The Retroactive All-Star Game Project
This article was published in the Spring 2015 Baseball Research Journal.
It’s the top of the 10th inning, and there is one out in this hotly contested All-Star Game. A runner is on third by way of the triple, another on first via the intentional walk, but now the pitcher has this batter on the ropes with a 2–2 count. The crowd is evenly split between National League and American League partisans, and as the Senior Circuit pitcher stares in toward his catcher, the Junior Circuit batter waits tensely on the delivery, preparing to respond to whatever is offered.
As Midsummer Classics go, this one has been a doozy.
The runner dances off third as the pitcher gets his sign, goes into the set, waits a couple of beats … then quickly delivers a low outside fastball that the right-handed hitter pulls deep into the hole to the right of the shortstop, Rabbit Maranville, who backhands the ball and one-hops the throw to his first baseman, Hal Chase—alas, a step too late to get the out. And so Ray Chapman gets his single, moving Wally Pipp to second and scoring Tris Speaker from third, and ex-Buf-Fed hurler Fred Anderson is now on the hook for the loss for the Nationals, which finally does come to pass as Anderson himself strikes out in the bottom of the frame to end the contest and hand the Americans a 5–4 victory on this warm and rainy July Friday at the Polo Grounds.
At this point, you, the “knowing Fan,” might have simultaneously snapped your neck, blinked hard, and stared into the preceding paragraph asking yourself, “Wait, what? Rabbit Maranville? Hal Chase? Ray Chapman, Wally Pipp, Tris Speaker? These guys were never in the All-Star Game, were they? And who the heck is Fred Anderson, anyway?”
And you’d be right: They never were in a real All-Star Game, because we all know that the first one wasn’t played until 1933 at Chicago’s Comiskey Park. But it was not for lack of the All-Star Game idea to ever come up in the first place, for it did as early as 1914, in a series of articles in the popular monthly Baseball Magazine. So it might have happened. And with the help of some modern-day innovations, we did make it “happen,” using a combination of the most comprehensive baseball stats website on the planet, a simple-to-use online survey website, and one of the very best game simulators on the market.
But the best thing you’ll learn from this article is that, as much fun as it was to play the games out and to see those results unfold, it was uncovering an unexpected insight into the legacy of the stars from that era that surprised and delighted us the most.
The idea for the Retroactive All-Star Game (RASG) project first occurred to Chuck Hildebrandt in February of 2013, when Baseball-Reference.com (B–R) added splits back to the 1916 season in their excellent Play Index.1 Included within the new feature were the standard half-season splits, and the idea of putting together All-Star rosters based on first-half stats immediately leapt to Chuck’s mind. He jotted down this project idea and set it aside.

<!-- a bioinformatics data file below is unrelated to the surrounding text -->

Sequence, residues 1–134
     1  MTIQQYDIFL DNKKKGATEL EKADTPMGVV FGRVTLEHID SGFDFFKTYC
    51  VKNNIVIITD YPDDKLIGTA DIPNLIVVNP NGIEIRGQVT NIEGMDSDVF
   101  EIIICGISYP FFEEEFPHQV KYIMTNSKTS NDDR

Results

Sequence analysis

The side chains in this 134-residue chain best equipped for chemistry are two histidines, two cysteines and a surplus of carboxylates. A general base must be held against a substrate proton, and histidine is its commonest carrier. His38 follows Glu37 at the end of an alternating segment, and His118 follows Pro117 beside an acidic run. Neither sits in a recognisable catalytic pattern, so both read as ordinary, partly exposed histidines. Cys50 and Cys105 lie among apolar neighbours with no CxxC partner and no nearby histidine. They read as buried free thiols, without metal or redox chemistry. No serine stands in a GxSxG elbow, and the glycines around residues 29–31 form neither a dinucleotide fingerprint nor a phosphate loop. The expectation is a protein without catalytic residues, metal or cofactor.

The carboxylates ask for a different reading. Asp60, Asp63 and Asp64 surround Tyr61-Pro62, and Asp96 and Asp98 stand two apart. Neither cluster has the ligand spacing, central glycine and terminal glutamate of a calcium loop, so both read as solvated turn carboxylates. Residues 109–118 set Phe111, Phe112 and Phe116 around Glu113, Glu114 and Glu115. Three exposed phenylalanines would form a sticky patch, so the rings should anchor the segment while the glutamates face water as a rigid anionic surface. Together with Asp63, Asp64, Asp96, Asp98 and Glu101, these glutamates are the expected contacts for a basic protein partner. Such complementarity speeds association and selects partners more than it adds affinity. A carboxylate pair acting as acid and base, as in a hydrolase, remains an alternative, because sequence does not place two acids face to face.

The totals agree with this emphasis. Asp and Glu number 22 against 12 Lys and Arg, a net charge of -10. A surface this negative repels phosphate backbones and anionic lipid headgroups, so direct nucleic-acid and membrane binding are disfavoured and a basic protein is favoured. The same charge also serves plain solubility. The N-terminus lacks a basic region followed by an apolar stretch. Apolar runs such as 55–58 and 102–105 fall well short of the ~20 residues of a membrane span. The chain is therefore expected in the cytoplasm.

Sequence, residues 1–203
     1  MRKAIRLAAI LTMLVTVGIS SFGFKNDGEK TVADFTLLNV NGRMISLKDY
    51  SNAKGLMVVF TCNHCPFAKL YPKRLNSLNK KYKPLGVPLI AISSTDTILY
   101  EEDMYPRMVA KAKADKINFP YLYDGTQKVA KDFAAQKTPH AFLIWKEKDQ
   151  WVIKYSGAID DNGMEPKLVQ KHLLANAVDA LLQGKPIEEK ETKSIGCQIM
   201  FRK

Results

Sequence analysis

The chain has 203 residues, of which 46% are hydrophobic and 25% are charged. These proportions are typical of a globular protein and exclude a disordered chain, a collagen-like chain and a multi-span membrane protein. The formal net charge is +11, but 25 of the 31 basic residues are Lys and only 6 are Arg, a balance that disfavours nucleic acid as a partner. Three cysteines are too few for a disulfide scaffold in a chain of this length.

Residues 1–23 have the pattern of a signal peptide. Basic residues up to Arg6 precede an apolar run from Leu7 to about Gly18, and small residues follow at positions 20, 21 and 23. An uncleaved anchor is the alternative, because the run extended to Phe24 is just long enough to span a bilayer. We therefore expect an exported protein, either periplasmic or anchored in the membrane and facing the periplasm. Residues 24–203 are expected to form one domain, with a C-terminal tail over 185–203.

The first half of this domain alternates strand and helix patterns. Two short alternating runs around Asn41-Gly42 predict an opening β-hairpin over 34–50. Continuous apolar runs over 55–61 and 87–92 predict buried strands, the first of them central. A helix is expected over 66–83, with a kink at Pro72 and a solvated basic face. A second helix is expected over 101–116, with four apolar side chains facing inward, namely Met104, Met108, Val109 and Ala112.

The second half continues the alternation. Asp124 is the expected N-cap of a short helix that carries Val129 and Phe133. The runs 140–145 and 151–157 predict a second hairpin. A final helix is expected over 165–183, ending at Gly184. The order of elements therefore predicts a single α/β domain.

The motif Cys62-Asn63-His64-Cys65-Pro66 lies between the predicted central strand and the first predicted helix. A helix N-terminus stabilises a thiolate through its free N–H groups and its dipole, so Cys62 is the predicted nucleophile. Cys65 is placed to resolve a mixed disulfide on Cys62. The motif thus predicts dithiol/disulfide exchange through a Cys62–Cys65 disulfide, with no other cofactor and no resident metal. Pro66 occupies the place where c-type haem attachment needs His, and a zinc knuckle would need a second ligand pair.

About a year later, thumbing through an old Baseball Research Journal, Chuck came across an article written by Lyle Spatz about retroactive Cy Young Award winners, and later, an online article Lyle wrote about retroactive Rookie of the Year awards, both going back to 1901 and featuring winners chosen by SABR member vote.2 3
Reminded of his own idea, Chuck googled around online to see whether there was a record of anybody ever having undertaken anything like a retroactive All-Star game project, or having written an article about the idea. Outside of threads existing in various online forums, he didn’t find anything like this specifically, but during his research he did find that between late 1914 and early 1916, Baseball Magazine had advocated for a midseason All-Star game (or more exactly, an All-Star series). The timing of the magazine articles lined up well with the availability of the splits data back to 1916 at B–R, and now there was a plausible historical context to support the idea. This all struck Chuck as kismet, and so the impetus to go forward with the RASG project was born.
The next several sections provide a great amount of detail about how the project was developed and managed. If you’re not so interested in how the sausage was made, feel free to skip ahead to the section labeled “Topline Results” below. However, if you’re a process nerd as the authors are, then here you go!
The first thing Chuck wanted to find out was, just what had been said about the All-Star concept before the actual games were launched in 1933? He reasoned that if there were a way to tie in this project to what had actually been said or written about the topic, it would make the premise seem all the more historically plausible.
Baseball Magazine published four separate articles about the possibility of an All-Star Series. The articles’ timing of 1914 through 1916 was a great coincidence, since the splits data featured went back to 1916, creating a credible natural starting point for the first games of the project.4